Friday, April 23, 2010

Sacred Caravan 2010 with Shaykh Hamza Yusuf

via Namira

Sherman Jackson on the power of ideas

Post 9/11: NYC Muslim Public School Students Feel Safe, But Hyper-Aware of Religious Identity

Roger Cohen: Israeli Unassailable Might and Unyielding Angst

Paul Krugman: Don’t Cry for Wall Street

Troy Jollimore on Why Democracy Needs the Humanities

Ahmed Rehab: Tariq Ramadan 'controversial' message

Scholar seeks support for first accredited Muslim college in US

Thursday, April 22, 2010

"Books are a social substitute;

you read people, who, at one level, you'd like to hang out with. Chapters, pages, novels, articles are the next best thing. Even when it's just a good factual writer, you want to hang around them to get the facts, the way you'd sit next to a brainy kid at a test to copy off their answer. David's writing self - it's most pronounced in his essays - was the best friend you'd ever have, spotting everything, whispering jokes, sweeping you past what was irritating or boring or awful in humane style."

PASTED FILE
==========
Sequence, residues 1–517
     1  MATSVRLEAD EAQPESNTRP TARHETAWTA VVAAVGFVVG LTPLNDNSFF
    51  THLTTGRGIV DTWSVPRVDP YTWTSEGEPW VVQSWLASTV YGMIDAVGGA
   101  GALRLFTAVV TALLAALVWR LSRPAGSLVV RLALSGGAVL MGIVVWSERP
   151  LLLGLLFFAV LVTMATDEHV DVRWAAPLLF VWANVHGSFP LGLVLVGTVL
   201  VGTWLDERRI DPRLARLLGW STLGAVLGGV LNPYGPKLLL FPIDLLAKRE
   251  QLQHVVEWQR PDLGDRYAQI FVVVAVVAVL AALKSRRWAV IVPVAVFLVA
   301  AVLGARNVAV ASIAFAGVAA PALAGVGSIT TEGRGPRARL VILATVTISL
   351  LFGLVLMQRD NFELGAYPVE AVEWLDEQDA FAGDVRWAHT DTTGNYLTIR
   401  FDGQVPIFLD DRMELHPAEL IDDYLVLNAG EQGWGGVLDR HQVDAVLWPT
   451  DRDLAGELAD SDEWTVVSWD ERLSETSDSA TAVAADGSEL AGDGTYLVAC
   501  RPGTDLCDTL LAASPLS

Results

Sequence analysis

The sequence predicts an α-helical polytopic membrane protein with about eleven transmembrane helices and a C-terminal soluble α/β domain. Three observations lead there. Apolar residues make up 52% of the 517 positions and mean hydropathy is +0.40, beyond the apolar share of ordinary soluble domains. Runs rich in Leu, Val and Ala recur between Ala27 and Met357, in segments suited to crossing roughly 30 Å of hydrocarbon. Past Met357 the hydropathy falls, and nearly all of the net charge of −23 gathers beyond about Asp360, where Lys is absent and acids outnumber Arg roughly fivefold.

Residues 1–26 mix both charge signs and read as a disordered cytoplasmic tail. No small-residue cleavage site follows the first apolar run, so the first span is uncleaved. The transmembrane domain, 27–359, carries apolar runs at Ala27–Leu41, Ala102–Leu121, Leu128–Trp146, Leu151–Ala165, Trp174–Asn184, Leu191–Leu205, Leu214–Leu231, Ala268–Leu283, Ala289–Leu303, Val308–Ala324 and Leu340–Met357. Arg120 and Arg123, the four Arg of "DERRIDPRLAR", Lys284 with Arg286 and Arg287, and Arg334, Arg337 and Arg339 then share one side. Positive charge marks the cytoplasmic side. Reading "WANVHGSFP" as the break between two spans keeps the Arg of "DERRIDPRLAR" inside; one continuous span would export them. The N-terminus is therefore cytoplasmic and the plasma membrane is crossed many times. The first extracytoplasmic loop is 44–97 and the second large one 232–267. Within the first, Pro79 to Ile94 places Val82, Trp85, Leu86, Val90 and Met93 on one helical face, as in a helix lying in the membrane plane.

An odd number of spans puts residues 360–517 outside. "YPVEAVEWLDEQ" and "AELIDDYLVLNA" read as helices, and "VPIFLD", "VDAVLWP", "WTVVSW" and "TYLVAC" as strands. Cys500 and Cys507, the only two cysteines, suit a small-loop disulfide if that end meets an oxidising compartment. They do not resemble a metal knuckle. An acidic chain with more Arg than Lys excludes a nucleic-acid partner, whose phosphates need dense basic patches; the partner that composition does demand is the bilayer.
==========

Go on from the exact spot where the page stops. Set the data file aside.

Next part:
Although Of Course You End Up Becoming Yourself: A Road Trip with David Foster Wallace by David Lipsky, pg. xx :)

TIME: "The Turkish Imam (Fethullah Gulen) and His Global Educational Mission",9171,1969290-1,00.html

Thanks Faisal! :)

"By the late 1980's,

 then, some younger Muslims who were either born in France or came to study or to work sought a more systematic basis for their religious practices and beliefs. They did not abandon other identities, of course: Muslims did and do continue to think of themselves in multiple, complex, and contextually sensitive ways, just as non-Muslims do. But some among them became more likely to think about Islam in a way that did not intrinsically link religion to the traditions of a particular country of origin, and to look for guides outside their immediate circle of family and friends. This shift in thinking created a demand for new teachers, schools, books, lectures, and forums of all kinds about Islam. Those who began to teach them included both slightly older Muslim men and women born in France but more often Muslims who had been born elsewhere, who had grown up with some religious education, and who now found a new set of opportunities to spread an understanding of Islam. Some had served as imams or teachers in Muslim-majority countries; others had been trained in secular subjects and engaged in a kind of Islamic pedagogical bricolage to construct a suitable way of teaching their new students.